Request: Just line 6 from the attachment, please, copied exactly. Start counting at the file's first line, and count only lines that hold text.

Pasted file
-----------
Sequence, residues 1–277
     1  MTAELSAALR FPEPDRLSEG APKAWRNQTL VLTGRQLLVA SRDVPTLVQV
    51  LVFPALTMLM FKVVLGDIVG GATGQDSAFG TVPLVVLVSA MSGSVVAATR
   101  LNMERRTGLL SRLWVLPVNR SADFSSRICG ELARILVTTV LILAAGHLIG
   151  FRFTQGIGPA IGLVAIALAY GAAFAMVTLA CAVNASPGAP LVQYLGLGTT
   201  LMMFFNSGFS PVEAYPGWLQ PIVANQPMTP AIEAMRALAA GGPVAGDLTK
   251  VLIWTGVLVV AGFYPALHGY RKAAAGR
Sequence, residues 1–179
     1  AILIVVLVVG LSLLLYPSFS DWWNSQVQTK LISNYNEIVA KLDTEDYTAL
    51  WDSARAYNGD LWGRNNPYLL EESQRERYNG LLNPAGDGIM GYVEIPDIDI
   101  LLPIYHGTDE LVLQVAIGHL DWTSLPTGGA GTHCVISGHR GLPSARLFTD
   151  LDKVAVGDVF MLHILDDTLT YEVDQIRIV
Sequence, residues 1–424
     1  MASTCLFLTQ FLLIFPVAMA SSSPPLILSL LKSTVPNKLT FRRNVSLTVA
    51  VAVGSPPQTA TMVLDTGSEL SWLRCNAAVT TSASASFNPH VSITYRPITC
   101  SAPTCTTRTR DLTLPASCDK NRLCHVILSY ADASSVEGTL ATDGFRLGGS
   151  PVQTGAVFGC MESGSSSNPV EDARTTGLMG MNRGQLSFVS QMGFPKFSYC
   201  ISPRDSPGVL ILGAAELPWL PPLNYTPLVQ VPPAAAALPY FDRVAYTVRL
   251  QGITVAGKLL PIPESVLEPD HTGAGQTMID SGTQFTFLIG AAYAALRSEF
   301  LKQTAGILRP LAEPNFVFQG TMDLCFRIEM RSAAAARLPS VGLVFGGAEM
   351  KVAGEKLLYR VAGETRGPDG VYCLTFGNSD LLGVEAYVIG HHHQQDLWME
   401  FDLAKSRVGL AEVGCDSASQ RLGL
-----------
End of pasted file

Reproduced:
   201  LMMFFNSGFS PVEAYPGWLQ PIVANQPMTP AIEAMRALAA GGPVAGDLTK